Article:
This week, it was confirmed that Iran has stockpiled low-enriched uranium beyond the limits of the 2015 deal on its nuclear program, the Joint Comprehensive Plan of Action. Tehran’s willing breach follows a string of military provocations that have occurred since May.
European powers are deeply invested in the JCPOA, which was the joint result of negotiations among the so-called P5+1, which included France, the United Kingdom, and Germany. Yet Europe’s reaction to Iran’s recent provocations has been sadly predictable. Responding to the shooting-down of a U.S. unmanned aerial vehicle, Federica Mogherini, the European Union’s High Representative for Foreign Affairs and Security Policy, said she would try to “open channels of communication to and make sure escalation is avoided.” Responding to attacks against tankers off the coast of Oman, German Foreign Minister Heiko Maas, perhaps Iran’s greatest enabler in Europe, said that footage of the attacks presented by the U.S. military was not enough. An aid to Jeremy Corbyn, leader of the Labour Party in the United Kingdom, demanded “credible” proof of Iranian culpability. Responding to Iran’s ultimatum to enrich uranium beyond the limits enacted by the 2015 deal, French President Emmanuel Macron called for talks before the July 8 deadline. If questioning the United States while asking Iran for talks is the European game plan for Iran, Iranian Supreme Leader Ali Khamenei must be delighted.
Iran admitted to downing the U.S. drone, and prior to the tanker attacks, Iran repeatedly said it would block the Strait of Hormuz if it is unable to export oil. Today, Iran’s ability to sell oil has been strangled by U.S. sanctions that were imposed following the U.S. withdrawal from the flawed 2015 nuclear deal. Iran chose to shoot down the U.S. drone. Iran chose to attack six tankers. Iran chose to turn back on compliance with the 2015 nuclear deal. Iran’s economy now is suffering from Iran’s choices, and we should expect Iran to continue waging its brand of hybrid warfare, which, as other commentators have noted, includes terrorism and cyberattacks.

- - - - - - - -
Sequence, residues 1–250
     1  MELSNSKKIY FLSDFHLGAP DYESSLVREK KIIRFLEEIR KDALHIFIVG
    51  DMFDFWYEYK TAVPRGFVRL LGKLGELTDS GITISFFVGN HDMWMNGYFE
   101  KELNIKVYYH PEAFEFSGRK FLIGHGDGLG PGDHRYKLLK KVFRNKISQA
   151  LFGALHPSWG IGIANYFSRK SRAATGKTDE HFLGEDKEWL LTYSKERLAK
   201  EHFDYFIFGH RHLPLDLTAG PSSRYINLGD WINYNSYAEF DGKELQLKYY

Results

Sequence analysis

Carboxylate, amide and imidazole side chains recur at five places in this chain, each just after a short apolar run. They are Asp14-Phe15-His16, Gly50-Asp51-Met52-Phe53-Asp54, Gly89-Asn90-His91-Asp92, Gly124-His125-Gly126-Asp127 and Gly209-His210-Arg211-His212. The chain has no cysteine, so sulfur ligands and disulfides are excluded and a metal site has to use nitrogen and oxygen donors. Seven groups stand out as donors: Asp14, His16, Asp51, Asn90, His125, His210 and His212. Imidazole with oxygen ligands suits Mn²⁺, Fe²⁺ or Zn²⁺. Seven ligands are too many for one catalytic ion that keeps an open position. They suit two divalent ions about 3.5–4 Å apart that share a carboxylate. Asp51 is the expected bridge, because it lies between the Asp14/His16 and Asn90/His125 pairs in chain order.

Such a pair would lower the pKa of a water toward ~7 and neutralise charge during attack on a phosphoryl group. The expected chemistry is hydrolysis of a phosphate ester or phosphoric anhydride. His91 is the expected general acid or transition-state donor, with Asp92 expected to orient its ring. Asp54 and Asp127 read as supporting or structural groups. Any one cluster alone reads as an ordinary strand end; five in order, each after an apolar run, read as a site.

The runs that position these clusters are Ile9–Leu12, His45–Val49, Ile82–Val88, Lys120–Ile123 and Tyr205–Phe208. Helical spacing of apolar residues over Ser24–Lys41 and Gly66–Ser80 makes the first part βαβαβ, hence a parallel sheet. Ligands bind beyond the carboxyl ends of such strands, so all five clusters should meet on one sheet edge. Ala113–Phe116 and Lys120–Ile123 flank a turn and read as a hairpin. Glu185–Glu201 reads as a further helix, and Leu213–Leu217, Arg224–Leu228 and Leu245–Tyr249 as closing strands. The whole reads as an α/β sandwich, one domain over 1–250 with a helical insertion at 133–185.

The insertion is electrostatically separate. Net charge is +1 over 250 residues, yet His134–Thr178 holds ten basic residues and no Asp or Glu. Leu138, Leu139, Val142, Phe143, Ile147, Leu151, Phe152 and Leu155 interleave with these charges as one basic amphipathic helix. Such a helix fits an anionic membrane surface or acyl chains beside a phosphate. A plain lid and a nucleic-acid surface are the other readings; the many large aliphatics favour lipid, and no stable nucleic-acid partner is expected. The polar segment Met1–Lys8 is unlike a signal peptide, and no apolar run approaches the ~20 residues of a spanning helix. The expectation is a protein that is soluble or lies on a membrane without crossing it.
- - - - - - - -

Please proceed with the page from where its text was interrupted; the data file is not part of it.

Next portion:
It is long past time for European leaders to recognize that Iran has no interest in peace in the Middle East. The 2015 nuclear deal did nothing to alter Iran’s 40-year foreign-policy effort to achieve ideological and territorial hegemony in its region. Tehran’s rogue behavior over the last few weeks is in line with its actions since 2015. Following the deal, Iran and its proxy Hezbollah, propped up the monstrous Bashar al Assad regime in Syria that used chemical weapons against its own people, caused half a million deaths, and displaced millions from their homes. Following the deal, Iran continued to support Hamas, an organization that routinely fires rockets into Israel and commits acts of terrorism against Israeli civilians. Following the deal, Iran sponsored a Houthi rebellion in Yemen that has resulted in a civil war and more than 70,000 deaths.
Not only is Iran a bad actor in the Middle East, but following the deal, Iran plotted terror attacks in Europe. In 2016, Iranian agents plotted attacks in Albania -- possibly targeting a soccer match. The Iranian ambassador to Albania was one of the plotters. In 2018, an Iranian diplomat based in Vienna, Austria, was arrested for planning to bomb a rally of Iranian dissidents in Paris, France. Also in 2018, Denmark accused Iranian intelligence of seeking to assassinate an Iranian exile living in Denmark. The Danish government pushed for EU sanctions against Iran, but the European Union failed to act.
For too long Iran has taken advantage of European hopes to tame Iran through talks and international accords and to open the country up as a lucrative export market. Iran knows that Europe invested heavily in the success of the 2015 nuclear deal. Breaching the deal’s limits was calculated to deepen the policy wedge that exists between European leaders and the United States. Europe must now reckon with its bad investment in Iran, cut its losses, and work with Washington to push back against Iran’s bad behavior. A tough stance instead of weak words is Europe’s best chance for de-escalating a tense situation.